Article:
Yesterday, I made a shocked exclamation of dismay while reading a blog by Doug Wilson.
When my roommate asked me if I was still shocked by people believing things like he wrote, I realized that I am often shocked.
I am shocked when Douglas Wilson argued in his blog that he should be able to use his discretion about whether or not to report a sex crime against a child to CPS or the police due to the government supports sex education in schools so cannot be trusted to fairly investigate sex offenses.
I am shocked when Wilson closes his argument with the sentence “I am a pastor and I cover things up for a living”.
I am shocked when a commenter on the blog said statutory rape shouldn’t be a crime because it wasn’t a crime in the Bible.
I was shocked last week that people still follow and defend Mark Driscoll after his incredibly hateful, misogynist, homophobic online comments were published last week.
I am shocked that the response to the Mars Hill congregation regarding protesters the outside the church calling to “Question Mark” wasn’t more transparency but rather an admonishment to “trust us”.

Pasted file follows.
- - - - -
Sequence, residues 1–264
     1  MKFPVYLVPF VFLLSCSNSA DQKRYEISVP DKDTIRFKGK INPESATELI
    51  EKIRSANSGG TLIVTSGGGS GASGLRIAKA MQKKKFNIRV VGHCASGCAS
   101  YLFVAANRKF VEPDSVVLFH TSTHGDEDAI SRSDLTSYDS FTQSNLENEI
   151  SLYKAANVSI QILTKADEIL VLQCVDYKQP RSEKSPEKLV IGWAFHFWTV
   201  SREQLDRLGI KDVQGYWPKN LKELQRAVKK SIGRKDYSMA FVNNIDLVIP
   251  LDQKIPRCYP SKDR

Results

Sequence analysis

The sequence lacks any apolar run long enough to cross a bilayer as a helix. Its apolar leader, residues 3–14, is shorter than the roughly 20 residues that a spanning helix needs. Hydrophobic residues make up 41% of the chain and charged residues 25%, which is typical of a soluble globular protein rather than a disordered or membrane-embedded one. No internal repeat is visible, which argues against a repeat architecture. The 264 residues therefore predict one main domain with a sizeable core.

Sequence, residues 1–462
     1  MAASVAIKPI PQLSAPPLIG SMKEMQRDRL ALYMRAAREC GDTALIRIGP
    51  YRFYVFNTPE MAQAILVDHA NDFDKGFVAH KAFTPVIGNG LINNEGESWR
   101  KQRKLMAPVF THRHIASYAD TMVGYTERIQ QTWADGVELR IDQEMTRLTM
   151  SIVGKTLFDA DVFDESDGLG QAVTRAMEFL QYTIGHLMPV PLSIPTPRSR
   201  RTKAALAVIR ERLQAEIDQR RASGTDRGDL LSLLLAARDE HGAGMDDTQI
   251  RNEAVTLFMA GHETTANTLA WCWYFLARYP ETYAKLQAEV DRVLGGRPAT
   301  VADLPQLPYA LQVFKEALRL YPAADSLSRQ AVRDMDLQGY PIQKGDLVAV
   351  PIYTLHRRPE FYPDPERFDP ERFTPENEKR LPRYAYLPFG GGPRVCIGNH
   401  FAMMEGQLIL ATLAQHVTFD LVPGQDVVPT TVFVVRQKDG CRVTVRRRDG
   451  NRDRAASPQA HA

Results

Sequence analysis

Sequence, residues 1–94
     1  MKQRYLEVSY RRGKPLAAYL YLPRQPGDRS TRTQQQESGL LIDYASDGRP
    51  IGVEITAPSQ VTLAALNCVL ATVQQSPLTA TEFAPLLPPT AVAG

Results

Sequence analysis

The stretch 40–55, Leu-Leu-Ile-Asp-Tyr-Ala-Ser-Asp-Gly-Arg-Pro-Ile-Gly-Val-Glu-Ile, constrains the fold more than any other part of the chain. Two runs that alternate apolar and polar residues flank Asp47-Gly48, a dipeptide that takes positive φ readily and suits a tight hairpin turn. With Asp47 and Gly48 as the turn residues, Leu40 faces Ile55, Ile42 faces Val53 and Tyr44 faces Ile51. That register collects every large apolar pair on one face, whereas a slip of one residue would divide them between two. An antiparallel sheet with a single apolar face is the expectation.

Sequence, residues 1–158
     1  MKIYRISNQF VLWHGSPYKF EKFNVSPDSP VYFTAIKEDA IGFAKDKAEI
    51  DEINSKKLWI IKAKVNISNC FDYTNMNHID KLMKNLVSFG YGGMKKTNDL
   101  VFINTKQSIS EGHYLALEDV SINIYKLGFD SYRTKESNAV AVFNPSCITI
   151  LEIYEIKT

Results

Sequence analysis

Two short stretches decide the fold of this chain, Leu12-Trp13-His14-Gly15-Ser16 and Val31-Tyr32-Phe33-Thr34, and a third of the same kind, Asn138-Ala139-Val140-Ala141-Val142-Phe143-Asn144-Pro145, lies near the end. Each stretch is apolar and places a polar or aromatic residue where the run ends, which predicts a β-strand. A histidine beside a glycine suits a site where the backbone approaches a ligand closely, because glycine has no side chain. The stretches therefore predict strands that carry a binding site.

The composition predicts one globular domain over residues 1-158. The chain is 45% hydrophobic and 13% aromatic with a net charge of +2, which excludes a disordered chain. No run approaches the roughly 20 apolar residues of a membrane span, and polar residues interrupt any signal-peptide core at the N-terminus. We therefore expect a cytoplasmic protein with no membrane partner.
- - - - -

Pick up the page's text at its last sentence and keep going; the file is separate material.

I am shocked that seemingly reasonable people still defend abuse handbooks like “To Train Up a Child” and “Created to be His Help Meet” by Debi and Michael Pearl.
I am shocked that women who have a voice due to feminism, which is defined as the advocacy of women’s rights on the grounds of political, social, and economic equality to men,actually hold signs proclaiming why they don’t need because “They want to be a home maker” as if being a homemaker somehow conflicts with feminism.
I am shocked when someone “de-friended” me because I put an anti-rape poster on social media because I am “being a victim” when I am speaking for up for the 59% of Alaskan women who have experienced domestic or sexual violence.
I think part of my shock is due to being surrounded by people who are vocal in standing up against any abuse or sexism. For instance, my husband began to use “Driscoll” synonymous with “coward” or “weak” in response to Driscoll’s use of “pussified” to describe men who are homemakers. I also read a lot of blogs by organizations fighting abuse and discrimination such as G.R.A.C.E. and the Gay Christian Network.
While I do get cynical a lot, shock is the impetus for continuing to speak out. Shock gives me the adrenaline rush that makes me overcome my fear and continue to write. It is that extra push that nudges me to get over the apathy and belief that “everyone knows this stuff” that I am writing. So while abuse and evil still exist in the world, I hope I never stop being shocked.